Originally from Sherbrooke, QC, musicology student Paul Bazin is in the final year of his PhD. He will be presenting his research this Saturday October 26th as part of a day-long celebration of Canadian composers Bruce Mather and alcides lanza, marking their 80th and 90th birthdays. Find out more
The image above is a section of Bruce Mather's Régime 11, Type A, composed in 1978 for two pianos; one tuned a quarter-tone lower.
What made you choose McGill for your studies?
When I completed my master’s at the Université de Montréal, I wanted to go elsewhere. I had no specific idea in mind. No projected advisor, no research topic. When the deadlines for inscriptions drew close, I put something together about composer Bruce Mather, met with Steven Huebner and Christoph Neidhöfer, and decided to apply. I only sent an application to McGill University, so I must have had a lucky star!
How has being a McGill student influenced you and your research?
It most certainly helped to improve my English quite a bit! Prof. Roe-Min Kok provided me with a great deal of encouragement in my first year, when I kept stumbling against language barriers when trying to voice my ideas. I also became fascinated by ancient music, especially medieval music, thanks to Julie Cumming’s paleography class. The mandatory year-long training in notational transcription and theory may be the best class I’ve attended in my whole time as a graduate student! Most of all, being a McGill student - though it most certainly isn’t unique to McGill - forced me to overcome the challenges of graduate school, mental health-related struggles, and to develop skills to cope with academic anxiety. Being better equipped to face these challenges - both on a human level and from a professional perspective – is something which I think will be useful for the rest of my life.
Explain your research in three sentences or less:
My research focuses on the microtonal music of Ivan Wyschnegradsky and its repercussions on the music of other composers. Bruce Mather (Canada) and Pascale Criton (France) are central figures in this exploration of creative forms of influence.
What led you to this particular topic?
During my undergraduate degree, I was a Research Assistant for the musicologist Jean Boivin, back in Sherbrooke, who’s one of the very few specialists of Québécois music. It is because of him that I chose to work on the music that is being written here! Back then, going through some old newspapers clips, I had come across an interview with composer Bruce Mather: he talked about an old Russian composer (Wyschnegradsky) he had met a few years prior to the interview, who had introduced him to the microtonal realm. Back then, I knew nothing about Mather’s music, but for some reason, the interview left quite an imprint in my memory. I therefore decided that I wanted Mather’s and Wyschnegradsky’s music, along with microtonality to be my PhD’s research topic! I managed to find Mather’s phone number, dared to give him a call and to explain my project - I remember my voice trembling a lot! With the manners of a true gentleman, and in his most concise way, Mather simply responded: “My dear, I’m at your disposal!” Fun thing: even though I am now a huge fan of microtonal music, I remember thinking, the very first time I heard someone talk about it: “What’s the point of composing music like this? It’s not even nice to the ear!”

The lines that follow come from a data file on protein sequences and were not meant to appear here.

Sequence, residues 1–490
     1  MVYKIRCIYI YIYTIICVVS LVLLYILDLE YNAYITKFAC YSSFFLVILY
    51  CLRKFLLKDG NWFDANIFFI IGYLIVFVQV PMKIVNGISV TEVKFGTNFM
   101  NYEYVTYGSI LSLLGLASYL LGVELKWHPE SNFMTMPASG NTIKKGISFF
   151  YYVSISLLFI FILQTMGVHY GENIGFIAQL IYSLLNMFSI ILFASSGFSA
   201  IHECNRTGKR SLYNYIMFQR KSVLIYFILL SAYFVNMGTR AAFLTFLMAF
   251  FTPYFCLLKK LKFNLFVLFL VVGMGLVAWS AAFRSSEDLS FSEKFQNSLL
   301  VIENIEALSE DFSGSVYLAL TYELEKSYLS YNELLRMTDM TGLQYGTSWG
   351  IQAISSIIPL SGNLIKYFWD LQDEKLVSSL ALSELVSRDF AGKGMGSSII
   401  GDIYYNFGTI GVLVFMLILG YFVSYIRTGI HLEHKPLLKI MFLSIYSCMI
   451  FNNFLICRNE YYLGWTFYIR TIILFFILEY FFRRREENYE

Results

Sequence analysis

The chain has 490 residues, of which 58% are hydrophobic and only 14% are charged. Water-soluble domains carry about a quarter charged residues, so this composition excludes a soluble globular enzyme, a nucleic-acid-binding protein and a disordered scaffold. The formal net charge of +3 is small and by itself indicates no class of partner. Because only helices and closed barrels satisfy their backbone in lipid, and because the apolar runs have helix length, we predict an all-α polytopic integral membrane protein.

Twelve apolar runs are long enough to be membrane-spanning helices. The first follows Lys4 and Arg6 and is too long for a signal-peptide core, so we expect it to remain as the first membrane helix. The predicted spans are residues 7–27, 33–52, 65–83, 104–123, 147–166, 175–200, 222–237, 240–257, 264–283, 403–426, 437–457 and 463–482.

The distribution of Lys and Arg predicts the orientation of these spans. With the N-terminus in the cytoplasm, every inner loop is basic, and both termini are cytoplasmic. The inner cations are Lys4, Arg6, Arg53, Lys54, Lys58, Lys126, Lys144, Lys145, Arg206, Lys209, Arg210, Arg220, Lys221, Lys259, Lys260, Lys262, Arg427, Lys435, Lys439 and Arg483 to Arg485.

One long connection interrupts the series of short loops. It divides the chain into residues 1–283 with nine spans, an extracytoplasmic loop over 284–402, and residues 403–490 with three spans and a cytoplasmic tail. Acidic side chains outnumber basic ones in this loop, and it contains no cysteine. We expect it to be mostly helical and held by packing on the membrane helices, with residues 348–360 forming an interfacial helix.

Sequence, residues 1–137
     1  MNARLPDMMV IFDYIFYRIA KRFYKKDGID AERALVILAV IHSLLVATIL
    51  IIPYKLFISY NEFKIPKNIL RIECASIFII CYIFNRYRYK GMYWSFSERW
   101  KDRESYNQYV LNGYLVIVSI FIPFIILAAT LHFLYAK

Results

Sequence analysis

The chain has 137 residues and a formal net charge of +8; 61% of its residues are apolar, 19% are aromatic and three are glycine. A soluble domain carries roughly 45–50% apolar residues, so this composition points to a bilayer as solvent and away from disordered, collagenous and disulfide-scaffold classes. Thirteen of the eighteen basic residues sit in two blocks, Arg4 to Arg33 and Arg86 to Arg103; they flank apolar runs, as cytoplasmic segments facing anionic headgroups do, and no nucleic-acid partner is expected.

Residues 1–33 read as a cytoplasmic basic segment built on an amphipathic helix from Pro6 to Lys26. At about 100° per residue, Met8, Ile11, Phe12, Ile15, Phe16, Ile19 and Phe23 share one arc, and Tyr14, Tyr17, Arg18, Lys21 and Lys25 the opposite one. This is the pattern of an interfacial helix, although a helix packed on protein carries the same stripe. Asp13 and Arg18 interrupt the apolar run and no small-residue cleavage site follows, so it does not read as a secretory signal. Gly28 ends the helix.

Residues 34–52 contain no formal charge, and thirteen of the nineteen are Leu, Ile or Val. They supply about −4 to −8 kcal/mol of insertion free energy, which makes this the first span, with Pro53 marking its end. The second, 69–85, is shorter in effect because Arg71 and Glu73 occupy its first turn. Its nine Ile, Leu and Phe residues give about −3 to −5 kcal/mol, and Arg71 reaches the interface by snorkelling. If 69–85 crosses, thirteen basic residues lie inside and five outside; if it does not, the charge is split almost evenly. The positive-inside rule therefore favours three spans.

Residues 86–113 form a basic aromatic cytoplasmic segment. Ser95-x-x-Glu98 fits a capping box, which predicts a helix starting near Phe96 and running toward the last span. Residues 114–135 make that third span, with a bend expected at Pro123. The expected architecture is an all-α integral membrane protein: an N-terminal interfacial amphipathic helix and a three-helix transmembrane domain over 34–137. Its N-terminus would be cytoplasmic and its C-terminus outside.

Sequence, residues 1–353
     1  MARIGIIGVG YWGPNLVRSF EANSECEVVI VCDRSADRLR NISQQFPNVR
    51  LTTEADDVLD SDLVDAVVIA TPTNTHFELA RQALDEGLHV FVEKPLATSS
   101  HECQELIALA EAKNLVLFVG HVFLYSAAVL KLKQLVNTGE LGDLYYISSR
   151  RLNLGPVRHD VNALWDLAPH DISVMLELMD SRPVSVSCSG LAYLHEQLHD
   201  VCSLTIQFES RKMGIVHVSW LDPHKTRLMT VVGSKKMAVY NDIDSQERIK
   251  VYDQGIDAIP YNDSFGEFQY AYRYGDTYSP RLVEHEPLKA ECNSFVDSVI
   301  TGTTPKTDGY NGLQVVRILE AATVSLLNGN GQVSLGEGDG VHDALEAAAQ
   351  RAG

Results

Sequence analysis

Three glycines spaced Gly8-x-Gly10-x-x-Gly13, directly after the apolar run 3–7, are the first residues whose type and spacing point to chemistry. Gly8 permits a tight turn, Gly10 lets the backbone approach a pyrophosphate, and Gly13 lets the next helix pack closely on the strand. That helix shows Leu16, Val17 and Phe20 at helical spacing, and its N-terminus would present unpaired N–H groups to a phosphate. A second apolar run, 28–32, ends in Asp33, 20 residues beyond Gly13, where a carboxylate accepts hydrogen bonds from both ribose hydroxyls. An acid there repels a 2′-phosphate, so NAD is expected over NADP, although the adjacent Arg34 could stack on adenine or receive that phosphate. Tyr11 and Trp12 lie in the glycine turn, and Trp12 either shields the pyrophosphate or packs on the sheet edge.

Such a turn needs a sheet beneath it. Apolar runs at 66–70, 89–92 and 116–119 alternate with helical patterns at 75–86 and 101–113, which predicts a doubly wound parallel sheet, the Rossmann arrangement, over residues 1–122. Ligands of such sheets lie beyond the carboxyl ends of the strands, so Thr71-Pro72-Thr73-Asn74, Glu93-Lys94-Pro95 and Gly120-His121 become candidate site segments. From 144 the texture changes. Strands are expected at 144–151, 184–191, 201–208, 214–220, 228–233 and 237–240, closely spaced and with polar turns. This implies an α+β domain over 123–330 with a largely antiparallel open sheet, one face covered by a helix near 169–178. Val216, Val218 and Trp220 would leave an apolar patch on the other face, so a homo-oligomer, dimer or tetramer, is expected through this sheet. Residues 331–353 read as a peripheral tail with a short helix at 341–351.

How does your research add to what was already known?
Neither Wyschnegradsky, nor Mather or Criton, have enjoyed considerable scholarly attention, even though there’s been a considerable increase in interest towards the music of Wyschnegrasdky in the past few years. Prof. Brian Cherney has also done work worthy of mention in promoting the music of Mather, along with other Canadian composers, in the Canadian Music concerts he organises every year. The music of these composers is also little known.
On one hand, there’s a sort of Wyschnegradskian myth growing these days, which builds a very romantic aura around him. Even though it serves the recognition of his work, it also tends to occult important aspects of his career. I’m trying to deconstruct the romantic figure of the lonely, visionary artist who sacrificed his wealth and comfortable life situation - his grandfather was a Minister of Finance under a Tsar, and his father was the Head of the St. Petersburg International Bank before the 1917 Bolshevik coup. On the other hand, it’s sort of well-known to specialists that Wyschnegradsky was a huge influence on both Mather and Criton, but few have addressed the actual forms of such an influence in their works. This is what I’m trying do.
Were there any discoveries that you found particularly surprising?
Mather’s music is fascinating, very interior, and has such a craft of scoring! What instrumental colours one can find in his music! Criton’s music is also one of the very few sounds worlds I’ve had enormous pleasure discovering in the past few years. Textures, beatings, a sensation of timelessness, an understanding of things, also, which makes the discovery of the notions underlying her music a thrilling adventure in itself. Her Wander Steps is a good example: